Author's Note : A curious flashback to a point where there was a raging debate about whether deficit financing is wise. I am quite sure the answer is - yes but only to a point. Presently, the favoured term is quantitative easing - and the overdose of it will make the world soon realise that it has nothing to do with easing after all.
Posted in: Economics Posted by: P S Billimoria
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The Government’s recent blanket ban on expenditure on new projects is symptomatic of a forthcoming financial crunch. When the a record deficit, alarm bells were already ringing in the last Union Budget showed corridors of power. At that time, the Prime Minister’ characteristically terse comment that the “budgetary deficit is high and I don’t like it,” was subject to several interpretations. It conveyed a sense of helplessness in the face of hare realities and at the same time contained the hind of resolve to arrest it’s runaway growth.
Despite other budgetary shortcoming’s, the adoption of a refreshingly honest approach by refusing to indulge in window dressing, was the hallmark of the 1987 budget. By simply stating the obvious, Mr. Gandhi earned for himself the sympathies and understanding of the compulsions he undoubtedly faced. And by his commitment to Parliament that the deficit will not be allowed to exceed the limits laid down, he effectively blunted the edge of those economists and ideologues who scream themselves hoarse about the increasingly huge budgetary deficits. Sadly enough, when looked at in retrospect the Prime Minister’s promise appears to be utopian, and with the next budget around the cornea, the country faces the prospect of yet another record deficit.
Deficit financing is something which not just this country but several other developed economics have had to live with. Though the dangers posed by a burgeoning deficit cannot be brushed aside, the argument that it can result in runaway inflation in untenable, particularly in the light of our own experience. The Government can well adopt other fiscal measures to regulate he increase in money supply. Besides, the surplus foodgrain stocks and the current idle capacity in industry can well act as a cushion to absorb the deficit. The critics of deficit financing also fail to appreciate the peculiarities of the Indian economy. The most important and basic goods are subjected to administered prices and are therefore independent of market forces; of demand and supply; which cause inflation. The general price of index is much more sensitive to the prices of these basic goods than others and since these are subject to price controls, there is very little relation between money supply and inflation. Whatever inflationary tendencies exist in the economy is due to the high-cost structure of the industry. It is more a question of cost-push rather than demand-pull.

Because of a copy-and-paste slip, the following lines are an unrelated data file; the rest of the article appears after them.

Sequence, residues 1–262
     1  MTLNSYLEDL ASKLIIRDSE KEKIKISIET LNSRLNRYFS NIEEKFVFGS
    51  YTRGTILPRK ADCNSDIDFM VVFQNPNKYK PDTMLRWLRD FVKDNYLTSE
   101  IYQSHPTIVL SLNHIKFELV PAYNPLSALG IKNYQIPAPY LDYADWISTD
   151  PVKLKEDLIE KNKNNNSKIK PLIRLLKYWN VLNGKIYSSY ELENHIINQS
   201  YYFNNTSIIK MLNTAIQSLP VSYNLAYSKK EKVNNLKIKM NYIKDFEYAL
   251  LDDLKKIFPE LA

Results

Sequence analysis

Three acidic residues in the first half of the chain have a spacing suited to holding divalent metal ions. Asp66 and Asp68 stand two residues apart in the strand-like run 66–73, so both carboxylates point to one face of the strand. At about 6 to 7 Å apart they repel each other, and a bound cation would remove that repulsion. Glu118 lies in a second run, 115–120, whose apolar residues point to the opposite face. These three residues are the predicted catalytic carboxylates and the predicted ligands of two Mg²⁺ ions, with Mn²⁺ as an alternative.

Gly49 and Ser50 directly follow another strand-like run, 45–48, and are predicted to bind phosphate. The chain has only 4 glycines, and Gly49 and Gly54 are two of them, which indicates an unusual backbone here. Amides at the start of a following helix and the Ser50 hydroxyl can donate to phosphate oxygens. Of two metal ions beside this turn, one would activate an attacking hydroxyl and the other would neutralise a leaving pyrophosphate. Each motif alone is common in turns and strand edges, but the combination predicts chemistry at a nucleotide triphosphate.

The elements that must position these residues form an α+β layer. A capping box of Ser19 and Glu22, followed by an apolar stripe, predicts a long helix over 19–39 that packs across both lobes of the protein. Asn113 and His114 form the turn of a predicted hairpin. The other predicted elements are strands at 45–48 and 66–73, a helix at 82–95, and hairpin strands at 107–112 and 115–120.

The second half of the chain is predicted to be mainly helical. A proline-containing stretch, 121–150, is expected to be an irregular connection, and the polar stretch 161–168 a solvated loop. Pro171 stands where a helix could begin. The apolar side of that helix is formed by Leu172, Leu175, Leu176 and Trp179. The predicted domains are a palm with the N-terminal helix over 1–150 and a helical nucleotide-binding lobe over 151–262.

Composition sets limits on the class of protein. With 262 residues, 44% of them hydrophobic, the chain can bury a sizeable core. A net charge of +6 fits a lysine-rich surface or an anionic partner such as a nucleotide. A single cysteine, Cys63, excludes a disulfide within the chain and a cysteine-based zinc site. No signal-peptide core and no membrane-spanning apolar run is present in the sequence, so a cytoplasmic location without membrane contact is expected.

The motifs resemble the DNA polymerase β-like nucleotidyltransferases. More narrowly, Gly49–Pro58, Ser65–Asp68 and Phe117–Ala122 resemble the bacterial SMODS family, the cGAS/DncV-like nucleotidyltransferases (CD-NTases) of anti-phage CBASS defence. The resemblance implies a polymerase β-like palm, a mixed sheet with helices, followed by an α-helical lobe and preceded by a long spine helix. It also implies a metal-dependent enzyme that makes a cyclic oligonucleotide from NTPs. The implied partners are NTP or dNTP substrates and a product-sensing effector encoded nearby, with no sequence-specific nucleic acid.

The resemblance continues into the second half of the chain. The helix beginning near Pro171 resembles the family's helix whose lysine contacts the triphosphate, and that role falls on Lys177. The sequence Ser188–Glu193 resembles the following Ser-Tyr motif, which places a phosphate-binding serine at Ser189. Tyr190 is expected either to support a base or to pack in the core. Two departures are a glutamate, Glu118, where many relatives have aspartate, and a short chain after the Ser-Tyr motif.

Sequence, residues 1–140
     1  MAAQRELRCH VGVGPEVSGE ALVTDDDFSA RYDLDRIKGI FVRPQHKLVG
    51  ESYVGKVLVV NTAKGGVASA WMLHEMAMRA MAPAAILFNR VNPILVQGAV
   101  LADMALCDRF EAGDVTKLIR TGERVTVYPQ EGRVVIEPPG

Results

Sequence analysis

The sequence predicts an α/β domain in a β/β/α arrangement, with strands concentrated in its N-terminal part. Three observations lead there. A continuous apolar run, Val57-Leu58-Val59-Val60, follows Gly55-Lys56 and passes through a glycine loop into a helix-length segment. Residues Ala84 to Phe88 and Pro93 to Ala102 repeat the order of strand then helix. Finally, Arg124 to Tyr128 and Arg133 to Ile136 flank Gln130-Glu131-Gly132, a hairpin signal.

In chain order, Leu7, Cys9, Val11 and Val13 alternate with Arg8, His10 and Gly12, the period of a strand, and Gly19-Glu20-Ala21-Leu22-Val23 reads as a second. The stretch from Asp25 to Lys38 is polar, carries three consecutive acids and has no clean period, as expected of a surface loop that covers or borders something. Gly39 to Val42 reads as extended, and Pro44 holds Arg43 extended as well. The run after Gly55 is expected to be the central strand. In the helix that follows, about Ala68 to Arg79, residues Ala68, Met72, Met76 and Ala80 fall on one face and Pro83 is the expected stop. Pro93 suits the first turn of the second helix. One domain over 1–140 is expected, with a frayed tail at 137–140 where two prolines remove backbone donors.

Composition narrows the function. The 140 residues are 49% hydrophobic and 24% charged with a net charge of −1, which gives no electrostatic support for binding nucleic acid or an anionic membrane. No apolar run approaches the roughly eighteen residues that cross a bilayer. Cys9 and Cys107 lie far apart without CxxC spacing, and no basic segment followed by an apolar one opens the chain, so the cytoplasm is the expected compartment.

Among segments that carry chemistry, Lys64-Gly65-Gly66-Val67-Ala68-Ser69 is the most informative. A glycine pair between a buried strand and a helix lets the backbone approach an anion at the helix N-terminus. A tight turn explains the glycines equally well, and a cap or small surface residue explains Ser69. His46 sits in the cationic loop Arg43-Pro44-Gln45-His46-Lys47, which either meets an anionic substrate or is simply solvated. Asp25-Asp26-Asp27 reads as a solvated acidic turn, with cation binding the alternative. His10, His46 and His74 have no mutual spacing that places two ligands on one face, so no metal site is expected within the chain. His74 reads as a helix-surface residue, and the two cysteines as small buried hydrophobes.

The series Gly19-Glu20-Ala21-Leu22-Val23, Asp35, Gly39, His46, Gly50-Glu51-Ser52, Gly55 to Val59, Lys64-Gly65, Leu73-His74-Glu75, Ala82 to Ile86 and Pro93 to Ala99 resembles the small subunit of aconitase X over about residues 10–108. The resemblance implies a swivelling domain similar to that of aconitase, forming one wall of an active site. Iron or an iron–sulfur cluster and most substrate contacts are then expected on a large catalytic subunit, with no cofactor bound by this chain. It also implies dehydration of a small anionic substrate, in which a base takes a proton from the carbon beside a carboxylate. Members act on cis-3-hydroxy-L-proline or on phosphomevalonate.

This is not to argue however, hat successive budgetary deficits should be allowed to grow exponentially simply because what is a truism to-day need not be so to-morrow. Administered prices do not fit into the future scenario which envisages a more open economy. The surplus foodgrain stocks may not last forever and fiscal measures to curb money supply have their own limitations. The government is already financing it’s revenue expenditure out of capital receipts. If the non-development expenditure continues to spiral unchecked then future budgetary deficits are likely to assume alarming proportions. Meanwhile, however, given the current recessionary situation, if the huge deficit can stimulate demand it may prove to be a blessing in disguise. Some price rise is of course inevitable but as the distinguished L.K. Jha always points out between inflation and stagnation, which should we prefer?